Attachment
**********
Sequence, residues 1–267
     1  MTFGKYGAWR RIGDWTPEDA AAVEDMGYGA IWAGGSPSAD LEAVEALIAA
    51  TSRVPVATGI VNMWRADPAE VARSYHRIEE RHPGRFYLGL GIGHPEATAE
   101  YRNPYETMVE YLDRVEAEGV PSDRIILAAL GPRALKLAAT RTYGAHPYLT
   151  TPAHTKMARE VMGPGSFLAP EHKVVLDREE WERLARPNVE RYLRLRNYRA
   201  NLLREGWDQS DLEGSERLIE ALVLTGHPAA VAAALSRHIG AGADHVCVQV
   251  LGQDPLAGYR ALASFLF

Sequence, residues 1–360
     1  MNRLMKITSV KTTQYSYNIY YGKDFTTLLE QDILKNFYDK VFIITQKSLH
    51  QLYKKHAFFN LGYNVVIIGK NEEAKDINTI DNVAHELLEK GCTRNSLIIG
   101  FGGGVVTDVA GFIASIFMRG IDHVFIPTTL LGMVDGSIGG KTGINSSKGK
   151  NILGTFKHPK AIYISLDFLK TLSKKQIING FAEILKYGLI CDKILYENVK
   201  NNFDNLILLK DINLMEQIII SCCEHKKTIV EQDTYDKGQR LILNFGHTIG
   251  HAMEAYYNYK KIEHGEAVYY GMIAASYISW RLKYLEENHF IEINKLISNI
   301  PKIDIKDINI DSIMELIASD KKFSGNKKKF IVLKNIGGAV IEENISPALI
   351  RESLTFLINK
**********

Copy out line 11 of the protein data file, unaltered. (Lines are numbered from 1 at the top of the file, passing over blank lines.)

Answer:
   101  FGGGVVTDVA GFIASIFMRG IDHVFIPTTL LGMVDGSIGG KTGINSSKGK